Ken Warren’s 10 Takes: On Murray moves, lousy crowds and lineup shuffles

What’s up with Bryan Murray and Tim Murray? Who is about to strike it rich? Who will the Senators scratch this weekend? Read all about it.

Ken Warren’s 10 Takes: On Murray moves, lousy crowds and lineup shuffles
Ottawa Senators general manager Bryan Murray speaks to the media following the NHL general manager's meetings in Toronto, Tuesday November 12, 2013. THE CANADIAN PRESS/Mark Blinch

Once again this week, it was a case of one step forward, two steps back for the Ottawa Senators, who blew a shot at sweeping Florida and still haven’t won consecutive games in almost a month.

The season is slipping away in a hurry and the Toronto Maple Leafs are in position to push the Senators a full nine points of a wild-card playoff spot with a victory at the Canadian Tire Centre Saturday — cleverly nicknamed the Flat Tire Centre by one passionate hockey observer who is tired of watching the same old mistakes and uninspired play.

The Senators have lost four straight games at home. If there’s any consolation for the Senators, it’s that they’re facing a Maple Leafs team which is also full of defensive holes.

Now, read on for this week’s edition of 10 Takes, featuring some intriguing questions about the future of Senators management, possible roster shuffles, an unlikely southern success story, an ugly picture of empty seats and another possible coaching change.

Have a great weekend.

1. UFA GM WATCH

Senators owner Eugene Melnyk has spoken rather loudly about how he prefers the developmental approach over trying to sign older free agents. Yet the future of a crucial pending unrestricted free agent is still up in the air — that of general manager Bryan Murray. Murray didn’t particularly enjoy his 71st birthday party Thursday, watching an injury-depleted Tampa Bay Lightning squad defeat the Senators 3-1. He has been coy on his future, but he remains extremely active in trying to fix the problems that ail the current team, while sticking to Melnyk’s internal salary cap.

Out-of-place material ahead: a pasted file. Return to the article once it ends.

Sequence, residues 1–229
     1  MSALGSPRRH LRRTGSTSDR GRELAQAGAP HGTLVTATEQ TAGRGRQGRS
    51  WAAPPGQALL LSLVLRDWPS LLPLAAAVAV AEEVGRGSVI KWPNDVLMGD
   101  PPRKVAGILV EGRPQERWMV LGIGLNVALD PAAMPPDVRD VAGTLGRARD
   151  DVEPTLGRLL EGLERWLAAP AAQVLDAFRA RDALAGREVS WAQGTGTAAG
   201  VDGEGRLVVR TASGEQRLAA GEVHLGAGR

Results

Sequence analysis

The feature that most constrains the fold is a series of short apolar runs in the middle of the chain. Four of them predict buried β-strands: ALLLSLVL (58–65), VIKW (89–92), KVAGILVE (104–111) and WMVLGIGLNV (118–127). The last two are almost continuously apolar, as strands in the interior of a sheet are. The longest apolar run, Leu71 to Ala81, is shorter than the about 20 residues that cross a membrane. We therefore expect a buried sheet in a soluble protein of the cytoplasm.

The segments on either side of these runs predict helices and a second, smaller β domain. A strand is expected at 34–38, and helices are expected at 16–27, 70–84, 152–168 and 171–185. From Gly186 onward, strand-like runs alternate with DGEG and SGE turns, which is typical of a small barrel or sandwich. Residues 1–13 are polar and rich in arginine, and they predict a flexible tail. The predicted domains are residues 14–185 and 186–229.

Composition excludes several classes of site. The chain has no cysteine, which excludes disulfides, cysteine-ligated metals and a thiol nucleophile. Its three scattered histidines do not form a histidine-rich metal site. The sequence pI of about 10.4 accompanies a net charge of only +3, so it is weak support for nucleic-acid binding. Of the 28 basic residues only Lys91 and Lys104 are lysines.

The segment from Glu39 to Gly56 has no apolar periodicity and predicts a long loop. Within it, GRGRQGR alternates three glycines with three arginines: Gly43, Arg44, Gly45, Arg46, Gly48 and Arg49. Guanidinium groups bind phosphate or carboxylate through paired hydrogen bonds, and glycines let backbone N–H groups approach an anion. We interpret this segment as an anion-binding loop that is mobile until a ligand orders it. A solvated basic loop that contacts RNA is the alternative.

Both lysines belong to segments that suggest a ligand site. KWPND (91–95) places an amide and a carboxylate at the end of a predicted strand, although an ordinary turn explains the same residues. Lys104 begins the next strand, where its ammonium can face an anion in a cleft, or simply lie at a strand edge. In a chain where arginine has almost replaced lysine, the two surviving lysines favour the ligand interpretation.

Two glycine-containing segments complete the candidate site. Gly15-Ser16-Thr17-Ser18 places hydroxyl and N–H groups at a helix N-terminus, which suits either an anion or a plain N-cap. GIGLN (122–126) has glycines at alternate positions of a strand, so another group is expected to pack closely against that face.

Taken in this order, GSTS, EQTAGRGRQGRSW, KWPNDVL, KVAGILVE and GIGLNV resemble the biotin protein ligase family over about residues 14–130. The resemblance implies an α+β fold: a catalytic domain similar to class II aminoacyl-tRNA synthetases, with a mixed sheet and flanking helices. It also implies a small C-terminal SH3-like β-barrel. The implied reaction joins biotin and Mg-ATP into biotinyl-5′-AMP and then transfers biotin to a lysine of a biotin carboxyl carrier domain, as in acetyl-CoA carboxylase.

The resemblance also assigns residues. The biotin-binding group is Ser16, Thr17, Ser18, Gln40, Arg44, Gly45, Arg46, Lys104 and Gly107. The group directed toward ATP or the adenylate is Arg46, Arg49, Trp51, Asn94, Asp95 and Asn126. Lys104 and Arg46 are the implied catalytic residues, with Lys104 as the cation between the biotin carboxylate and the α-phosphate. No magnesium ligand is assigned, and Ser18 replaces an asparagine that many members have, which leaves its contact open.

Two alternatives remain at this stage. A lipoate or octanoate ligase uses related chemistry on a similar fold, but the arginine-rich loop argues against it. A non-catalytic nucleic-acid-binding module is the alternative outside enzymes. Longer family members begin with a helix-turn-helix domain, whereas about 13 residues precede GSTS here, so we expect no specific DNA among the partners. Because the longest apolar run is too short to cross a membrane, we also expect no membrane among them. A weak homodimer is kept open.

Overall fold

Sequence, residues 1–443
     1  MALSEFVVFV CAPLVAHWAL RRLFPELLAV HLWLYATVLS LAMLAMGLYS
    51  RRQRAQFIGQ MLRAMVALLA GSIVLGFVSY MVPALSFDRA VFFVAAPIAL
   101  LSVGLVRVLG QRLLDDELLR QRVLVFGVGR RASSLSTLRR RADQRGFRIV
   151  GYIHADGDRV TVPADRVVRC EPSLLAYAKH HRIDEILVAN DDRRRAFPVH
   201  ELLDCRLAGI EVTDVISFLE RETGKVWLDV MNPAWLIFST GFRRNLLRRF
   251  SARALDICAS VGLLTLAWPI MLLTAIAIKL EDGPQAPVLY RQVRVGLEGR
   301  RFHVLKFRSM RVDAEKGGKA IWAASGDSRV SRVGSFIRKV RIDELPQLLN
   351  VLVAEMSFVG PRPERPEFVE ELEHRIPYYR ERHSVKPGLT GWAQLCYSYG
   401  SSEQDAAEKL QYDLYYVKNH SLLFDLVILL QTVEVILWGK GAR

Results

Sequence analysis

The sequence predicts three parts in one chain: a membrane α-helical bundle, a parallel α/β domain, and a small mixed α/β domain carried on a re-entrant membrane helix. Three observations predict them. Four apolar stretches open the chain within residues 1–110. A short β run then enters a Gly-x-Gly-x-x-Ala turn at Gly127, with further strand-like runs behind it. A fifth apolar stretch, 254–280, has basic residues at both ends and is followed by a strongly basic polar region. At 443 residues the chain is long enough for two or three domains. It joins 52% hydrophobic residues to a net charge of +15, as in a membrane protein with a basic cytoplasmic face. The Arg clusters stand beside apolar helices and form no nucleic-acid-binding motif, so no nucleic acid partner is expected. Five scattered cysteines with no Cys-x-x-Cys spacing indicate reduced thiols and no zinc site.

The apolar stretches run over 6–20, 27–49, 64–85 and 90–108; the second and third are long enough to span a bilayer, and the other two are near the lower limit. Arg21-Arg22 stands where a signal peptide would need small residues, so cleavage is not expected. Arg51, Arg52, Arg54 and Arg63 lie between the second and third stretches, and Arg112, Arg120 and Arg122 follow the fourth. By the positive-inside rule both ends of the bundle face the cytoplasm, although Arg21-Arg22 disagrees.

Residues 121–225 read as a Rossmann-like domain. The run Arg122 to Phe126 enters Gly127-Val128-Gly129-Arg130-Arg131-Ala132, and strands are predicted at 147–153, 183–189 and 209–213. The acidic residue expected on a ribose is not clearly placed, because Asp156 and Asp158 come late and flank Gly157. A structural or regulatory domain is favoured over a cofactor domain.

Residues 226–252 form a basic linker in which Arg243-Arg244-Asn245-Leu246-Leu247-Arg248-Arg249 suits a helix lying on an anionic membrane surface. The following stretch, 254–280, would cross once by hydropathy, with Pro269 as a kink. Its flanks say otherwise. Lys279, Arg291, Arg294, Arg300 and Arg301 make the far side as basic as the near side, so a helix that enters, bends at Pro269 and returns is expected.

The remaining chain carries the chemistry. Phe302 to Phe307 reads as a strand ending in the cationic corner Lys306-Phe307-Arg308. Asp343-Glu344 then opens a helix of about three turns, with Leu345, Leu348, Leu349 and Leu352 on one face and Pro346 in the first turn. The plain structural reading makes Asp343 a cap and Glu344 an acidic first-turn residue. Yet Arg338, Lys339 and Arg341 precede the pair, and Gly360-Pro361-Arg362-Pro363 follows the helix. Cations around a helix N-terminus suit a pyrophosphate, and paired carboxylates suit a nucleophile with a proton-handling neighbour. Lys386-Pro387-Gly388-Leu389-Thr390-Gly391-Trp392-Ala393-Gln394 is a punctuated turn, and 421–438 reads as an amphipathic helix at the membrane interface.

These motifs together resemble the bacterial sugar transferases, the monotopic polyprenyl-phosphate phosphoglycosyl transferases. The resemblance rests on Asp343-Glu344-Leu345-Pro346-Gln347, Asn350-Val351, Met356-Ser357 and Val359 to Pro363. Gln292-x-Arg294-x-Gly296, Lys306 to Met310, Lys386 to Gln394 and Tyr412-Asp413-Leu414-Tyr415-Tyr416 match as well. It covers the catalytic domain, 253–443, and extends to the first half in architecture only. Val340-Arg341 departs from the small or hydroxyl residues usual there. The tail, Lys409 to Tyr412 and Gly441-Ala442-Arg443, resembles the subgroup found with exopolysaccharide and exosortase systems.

2. THE OTHER MURRAY

Is Bryan Murray’s future linked to the future of assistant GM Tim Murray? That’s a complicated question, especially considering Tim Murray is a legitimate candidate for the Buffalo Sabres’ vacant general manager post. Sabres president of hockey operations Pat LaFontaine is targeting “young assistant GM types” and Murray is part of a group that includes Boston’s Jim Benning, Nashville’s Paul Fenton and Pittsburgh’s Jason Botterill. Rick Dudley’s decision to re-sign as an assistant GM in Montreal earlier this week eliminates him as a possibility.

3. YOUNG DEFENCE OPTIONS

The longer it takes for Jared Cowen to find himself on the Senators blueline, the more people are asking whether he should be re-assigned to Binghamton of the AHL. To clarify once again, he does not need to clear waivers to be sent to the AHL. Meanwhile, folks in Toronto are reading the tea leaves, wondering if the Maple Leafs’ recall of John-Michael Liles from the Marlies means Morgan Rielly will be assigned to Canada’s world junior team.

4. RETURN OF THE KASSASSIN?

Senators coach Paul MacLean dropped strong hints Friday that heavyweight Matt Kassian could finally end his 10-game stint on the sidelines against Toronto Saturday, claiming there finally is a need for a legitimate heavyweight fighter in the lineup. Colton Orr is injured, but Frazer McLaren is expected to dress. “Now, we have the Leafs, the Flyers and Buffalo coming to town and that certainly sounds like teams that Matt Kassian can play against,” MacLean said.